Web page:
The Collatz Conjecture is a well-known enigma. Just a few simple rules seem to connect all natural numbers^{1}The positive integers: 1, 2, 3, … back to the first number we learn: one. These rules are:

- If the number is odd, multiply it by 3 then add 1
- If the number is even, divide it by 2

For example, the number **3** undertakes a journey like a hailstone tumbling up and down within a thundercloud. Since **3** is odd, we apply rule 1. We get 3***3** + 1 = **10**. Now our hailstone gusts up to **10**, which is even, so we divide by 2. The hailstone drops down to **5**. Applying Rule 1 launches it back up to **16**. Since **16** is a power of two, it has become too heavy for the updraft and plummets to the ground via repetitive applications of Rule 2. **16 **>** 8 **>** 4 **>** 2 **>** 1**. The numbers visited by a hailstone on its journey to the ground are known as a **hailstone sequence**.

Doing this process for any natural number seems to lead back to 1. This observation is called the **Collatz Conjecture**. Finding a proof is a famous unsolved problem in mathematics. Why is this so? Does it hold for ALL natural numbers? Questions like these are beyond my mathematical chops, but the conjecture does make neat fodder for visualization.

Obviously, there should be arrows between numbers and their next Collatz numbers. It is much less clear where to position these numbers. We could put them on a number line, but the edges would get jumbled quickly.

We could structure it as a tree, but the numbers would lose their natural ordering.

Since the powers of two are the highway to 1 (as seen at the top of the tree), it is essential to preserve this in the visualization. I settled on nesting doubling rings. The innermost ring would consist of just 1. The next ring is 2 and 3. After that, 4, 5, 6, and 7. Each successive ring has twice as many numbers as the ring before it. Each number is interpolated evenly along its ring. This helps ensure the powers of 2 are neatly lined up. With this arrangement in mind, the below image shows the hailstone sequences for 2-15. Intermediate numbers visited by hailstones are colored gray.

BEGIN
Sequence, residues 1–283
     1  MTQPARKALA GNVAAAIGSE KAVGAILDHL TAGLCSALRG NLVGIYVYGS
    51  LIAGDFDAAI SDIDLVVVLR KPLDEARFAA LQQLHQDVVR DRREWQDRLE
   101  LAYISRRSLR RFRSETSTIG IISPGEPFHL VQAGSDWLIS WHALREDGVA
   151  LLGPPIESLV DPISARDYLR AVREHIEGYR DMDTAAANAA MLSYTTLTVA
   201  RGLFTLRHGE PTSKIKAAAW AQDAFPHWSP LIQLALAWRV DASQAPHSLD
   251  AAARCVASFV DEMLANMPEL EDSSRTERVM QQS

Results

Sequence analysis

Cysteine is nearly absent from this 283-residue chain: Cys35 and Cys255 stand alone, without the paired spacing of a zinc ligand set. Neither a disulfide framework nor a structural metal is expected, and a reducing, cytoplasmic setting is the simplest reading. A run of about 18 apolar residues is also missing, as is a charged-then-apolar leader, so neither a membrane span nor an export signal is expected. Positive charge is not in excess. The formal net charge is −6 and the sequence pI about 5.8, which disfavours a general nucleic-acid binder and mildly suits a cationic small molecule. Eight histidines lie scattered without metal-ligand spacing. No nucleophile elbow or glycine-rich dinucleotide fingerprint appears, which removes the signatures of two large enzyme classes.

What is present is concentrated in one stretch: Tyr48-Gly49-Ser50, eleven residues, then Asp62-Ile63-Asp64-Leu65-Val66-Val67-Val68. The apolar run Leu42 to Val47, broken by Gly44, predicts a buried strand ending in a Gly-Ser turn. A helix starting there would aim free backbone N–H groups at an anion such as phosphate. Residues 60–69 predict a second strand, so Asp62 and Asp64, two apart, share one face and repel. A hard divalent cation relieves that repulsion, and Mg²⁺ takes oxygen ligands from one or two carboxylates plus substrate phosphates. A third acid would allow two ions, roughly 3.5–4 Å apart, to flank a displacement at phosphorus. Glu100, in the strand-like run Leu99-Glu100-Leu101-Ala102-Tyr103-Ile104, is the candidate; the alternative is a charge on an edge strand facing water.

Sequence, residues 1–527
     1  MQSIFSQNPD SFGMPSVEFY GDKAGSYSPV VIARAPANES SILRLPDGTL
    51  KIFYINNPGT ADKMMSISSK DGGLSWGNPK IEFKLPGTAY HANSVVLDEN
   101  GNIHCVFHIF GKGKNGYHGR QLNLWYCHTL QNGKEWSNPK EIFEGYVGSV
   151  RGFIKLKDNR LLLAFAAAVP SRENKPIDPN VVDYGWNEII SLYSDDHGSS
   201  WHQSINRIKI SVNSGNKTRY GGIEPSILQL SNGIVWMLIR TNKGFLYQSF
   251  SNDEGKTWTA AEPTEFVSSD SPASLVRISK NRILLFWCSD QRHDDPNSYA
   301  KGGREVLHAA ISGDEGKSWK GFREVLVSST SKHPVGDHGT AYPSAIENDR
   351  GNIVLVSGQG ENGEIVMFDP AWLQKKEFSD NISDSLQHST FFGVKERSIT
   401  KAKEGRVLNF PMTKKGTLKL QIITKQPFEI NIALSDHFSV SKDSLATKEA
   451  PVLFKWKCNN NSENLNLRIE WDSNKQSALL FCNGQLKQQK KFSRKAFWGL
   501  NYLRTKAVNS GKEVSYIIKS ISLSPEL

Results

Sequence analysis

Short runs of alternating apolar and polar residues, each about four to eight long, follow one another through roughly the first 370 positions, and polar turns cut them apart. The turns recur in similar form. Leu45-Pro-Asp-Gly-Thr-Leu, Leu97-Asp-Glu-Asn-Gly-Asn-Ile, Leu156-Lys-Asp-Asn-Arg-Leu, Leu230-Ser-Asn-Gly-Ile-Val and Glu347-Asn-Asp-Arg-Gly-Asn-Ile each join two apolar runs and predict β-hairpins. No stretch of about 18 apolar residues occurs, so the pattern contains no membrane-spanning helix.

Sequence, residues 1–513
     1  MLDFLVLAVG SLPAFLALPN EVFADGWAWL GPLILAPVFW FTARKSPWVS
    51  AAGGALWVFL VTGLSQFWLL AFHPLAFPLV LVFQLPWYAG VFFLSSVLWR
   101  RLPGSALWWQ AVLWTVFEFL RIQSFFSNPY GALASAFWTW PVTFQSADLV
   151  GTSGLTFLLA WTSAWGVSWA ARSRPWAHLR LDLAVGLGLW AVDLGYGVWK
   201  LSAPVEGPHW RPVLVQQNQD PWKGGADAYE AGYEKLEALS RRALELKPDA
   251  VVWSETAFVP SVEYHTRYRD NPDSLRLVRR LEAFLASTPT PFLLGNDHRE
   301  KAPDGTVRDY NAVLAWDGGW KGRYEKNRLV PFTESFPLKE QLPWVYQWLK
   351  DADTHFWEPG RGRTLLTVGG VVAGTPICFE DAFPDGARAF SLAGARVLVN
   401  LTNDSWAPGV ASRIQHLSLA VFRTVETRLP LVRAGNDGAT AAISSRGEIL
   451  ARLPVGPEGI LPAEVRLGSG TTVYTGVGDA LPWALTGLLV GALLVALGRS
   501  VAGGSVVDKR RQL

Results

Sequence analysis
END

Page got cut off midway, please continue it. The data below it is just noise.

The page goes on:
To get a number’s corresponding Cartesian coordinates, I derived these equations that map a natural number to its polar coordinates. From there, it’s easy to switch into Cartesian:

f \colon \N \rightarrow \N \times \R \rightarrow \R^2 \\ n \mapsto (r_n,\theta_n) \mapsto (x_n, y_n) \\ r_n = \lfloor \log_2n \rfloor \\ \theta_n =2\pi \frac{n-2^{r_n}}{2^{r_n}} \\ x_n = r_n \cos \theta_n \\ y_n = r_n \sin \theta_n

Intuitively, the equations “slice” the number line into chunks separated by powers of two, then “wrap” these chunks into appetizing 2D donuts of numbers! Using this method of mapping any natural number to the 2D plane makes drawing a whole lot easier. The 2-smooth^{2}A n-smooth number has only prime factors equal to or less than n. highway is preserved. Each number doubles as we go radially outward. Each even number always leads to an odd number going radially inward.

Applying the connections of Collatz to this nesting arrangement of doubling rings yields a fascinating picture, especially as we crank up the size to 1024 hailstone sequences. For clarity, only odd-even edges are shown.

What is that onion-like structure? A closer look:

Why don’t any lines dare cross the center? This visualization just brings up more questions than answers. But for now, it’s cool to enjoy how donuts can yield an onion. (OK, that wasn’t very appetizing).

Problems with this visualization include running out of space (successive circumferences don’t double). These issues and other considerations are addressed in Part 2, another post for another day. If you want to play around with these visualizations, here’s my Python code.